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Open Letter to Psychology Today

by Administrator on October 31, 2008

Just emailed this to PT, which I happened to be perusing in my “library” (aka the rest room) today, in response to an article in their December issue.

Normally, I just find your publication mildly amusing, especially complaints about scantily clad women – how many people out there still view the human body as evil! However, seeing an interview with Kevin Mitnick in your December issue on page 19 compelled me to respond. Your name for him, “ethical hacker,” is wrong. He is neither ethical nor a true hacker.

Mitnick was on the same agenda as myself at a computer conference in Lisbon, Portugal about a year and a half back. To demonstrate the vulnerability of wireless networks to hackers, he opened his presentation by showing the screens of computers he had hacked the previous evening belonging to folks who were staying at the hotel. My screen showed up in his preso.

Interestingly, I was not using wireless connections at the hotel. So, the only way he could get into my system was to violate the hotel server and hard wire network security, which is patently illegal. So much for “ethical.”

As for hacking, most of Mitnick’s tricks and tools are widely known among the lowest ranks of the hacker community, the script kiddies. Real hackers regard Mitnick as a “hack” and not as a hacker, which means expert code breaker. His only claim to fame is 1) that he was caught, and 2) that he partied with the likes of Paris Hilton for a time.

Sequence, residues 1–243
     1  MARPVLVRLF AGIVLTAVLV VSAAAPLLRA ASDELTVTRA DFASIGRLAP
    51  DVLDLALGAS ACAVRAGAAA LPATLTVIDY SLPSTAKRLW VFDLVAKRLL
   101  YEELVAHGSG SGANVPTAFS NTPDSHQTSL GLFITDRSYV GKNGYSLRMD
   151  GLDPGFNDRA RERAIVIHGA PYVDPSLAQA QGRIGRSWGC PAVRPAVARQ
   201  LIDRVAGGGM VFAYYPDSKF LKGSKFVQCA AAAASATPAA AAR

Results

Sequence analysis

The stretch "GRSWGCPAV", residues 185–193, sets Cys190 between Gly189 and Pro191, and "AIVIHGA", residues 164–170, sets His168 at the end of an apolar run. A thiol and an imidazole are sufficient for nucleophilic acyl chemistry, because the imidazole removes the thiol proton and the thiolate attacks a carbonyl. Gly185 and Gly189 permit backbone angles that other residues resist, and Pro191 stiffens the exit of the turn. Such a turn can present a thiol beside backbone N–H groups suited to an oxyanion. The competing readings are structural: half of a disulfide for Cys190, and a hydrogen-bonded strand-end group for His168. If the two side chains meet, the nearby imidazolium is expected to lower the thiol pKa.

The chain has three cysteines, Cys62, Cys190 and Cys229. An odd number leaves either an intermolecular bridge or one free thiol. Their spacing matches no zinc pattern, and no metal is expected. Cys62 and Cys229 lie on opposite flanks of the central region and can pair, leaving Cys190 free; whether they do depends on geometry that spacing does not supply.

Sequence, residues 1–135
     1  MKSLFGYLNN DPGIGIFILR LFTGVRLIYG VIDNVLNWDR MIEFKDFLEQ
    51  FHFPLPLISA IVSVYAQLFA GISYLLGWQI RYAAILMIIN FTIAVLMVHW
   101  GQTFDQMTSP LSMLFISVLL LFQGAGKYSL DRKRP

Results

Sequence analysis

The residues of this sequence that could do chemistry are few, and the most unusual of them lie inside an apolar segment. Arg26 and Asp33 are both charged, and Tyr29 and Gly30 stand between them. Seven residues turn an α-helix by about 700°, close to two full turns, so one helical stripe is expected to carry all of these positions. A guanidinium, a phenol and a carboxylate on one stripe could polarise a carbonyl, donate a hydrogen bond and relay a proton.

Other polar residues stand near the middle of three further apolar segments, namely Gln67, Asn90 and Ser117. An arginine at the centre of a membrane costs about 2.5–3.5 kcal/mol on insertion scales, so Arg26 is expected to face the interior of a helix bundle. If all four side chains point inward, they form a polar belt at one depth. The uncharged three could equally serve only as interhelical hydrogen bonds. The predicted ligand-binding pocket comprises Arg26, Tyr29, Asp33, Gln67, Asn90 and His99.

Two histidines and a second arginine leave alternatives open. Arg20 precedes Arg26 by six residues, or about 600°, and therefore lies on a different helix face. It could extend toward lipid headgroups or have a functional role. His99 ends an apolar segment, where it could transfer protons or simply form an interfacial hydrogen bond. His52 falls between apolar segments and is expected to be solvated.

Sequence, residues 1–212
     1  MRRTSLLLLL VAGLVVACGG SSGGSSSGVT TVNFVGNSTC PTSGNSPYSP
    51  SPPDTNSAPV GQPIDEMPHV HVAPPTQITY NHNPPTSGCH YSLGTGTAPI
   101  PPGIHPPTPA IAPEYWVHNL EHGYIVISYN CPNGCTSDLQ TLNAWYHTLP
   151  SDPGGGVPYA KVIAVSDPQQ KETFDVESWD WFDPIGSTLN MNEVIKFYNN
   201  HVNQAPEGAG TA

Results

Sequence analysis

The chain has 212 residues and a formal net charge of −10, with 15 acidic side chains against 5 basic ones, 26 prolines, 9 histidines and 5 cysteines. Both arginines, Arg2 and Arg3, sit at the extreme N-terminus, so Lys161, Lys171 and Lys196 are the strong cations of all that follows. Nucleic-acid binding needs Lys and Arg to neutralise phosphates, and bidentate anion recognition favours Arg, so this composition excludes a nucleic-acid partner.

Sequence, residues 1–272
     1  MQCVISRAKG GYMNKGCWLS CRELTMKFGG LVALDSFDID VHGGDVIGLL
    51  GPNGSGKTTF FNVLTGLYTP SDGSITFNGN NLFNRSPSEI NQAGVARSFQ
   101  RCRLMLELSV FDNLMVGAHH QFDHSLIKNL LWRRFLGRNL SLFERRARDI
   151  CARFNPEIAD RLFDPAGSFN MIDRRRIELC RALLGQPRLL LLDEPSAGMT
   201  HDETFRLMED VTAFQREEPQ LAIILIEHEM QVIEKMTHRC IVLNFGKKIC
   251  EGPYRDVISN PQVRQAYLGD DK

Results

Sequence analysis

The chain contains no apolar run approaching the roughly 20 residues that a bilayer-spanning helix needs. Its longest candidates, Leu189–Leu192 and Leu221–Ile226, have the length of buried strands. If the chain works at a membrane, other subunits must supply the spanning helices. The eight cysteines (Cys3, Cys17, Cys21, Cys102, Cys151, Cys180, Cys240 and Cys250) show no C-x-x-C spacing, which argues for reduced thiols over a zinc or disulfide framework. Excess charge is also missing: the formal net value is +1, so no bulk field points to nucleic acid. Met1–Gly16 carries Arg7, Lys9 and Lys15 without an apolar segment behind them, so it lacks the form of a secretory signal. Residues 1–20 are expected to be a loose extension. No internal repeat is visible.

That a teacher rewarded him with a high grade for stealing the teacher’s computing password makes me cringe, if in fact it actually happened. That may have set his feet on a path to success measured in terms of kudos from fellow security breakers. Now that he is ostracized by the hacker community, his ego needs to be fed by articles like this one. He probably hopes that Leonardo DiCaprio will play him in some future movie.

Why would you want to help perpetuate this kind of bent mentality?

Moreover, given the budgetary expense of data security in organizations today and the burden placed on overstressed information technology practitioners by daily breaches of their security systems, why would you devote ink to Mitnick? A better use of the space might be to look at the pressures on the IT practitioners who must stop the Mitnick’s of the world from breaching private customer data, stealing financial or medical identities, and costing every one of us time and money in our day to day lives.

Jon Toigo
Chairman, Data Management Institute

Can you imagine? A celebrity hacker.

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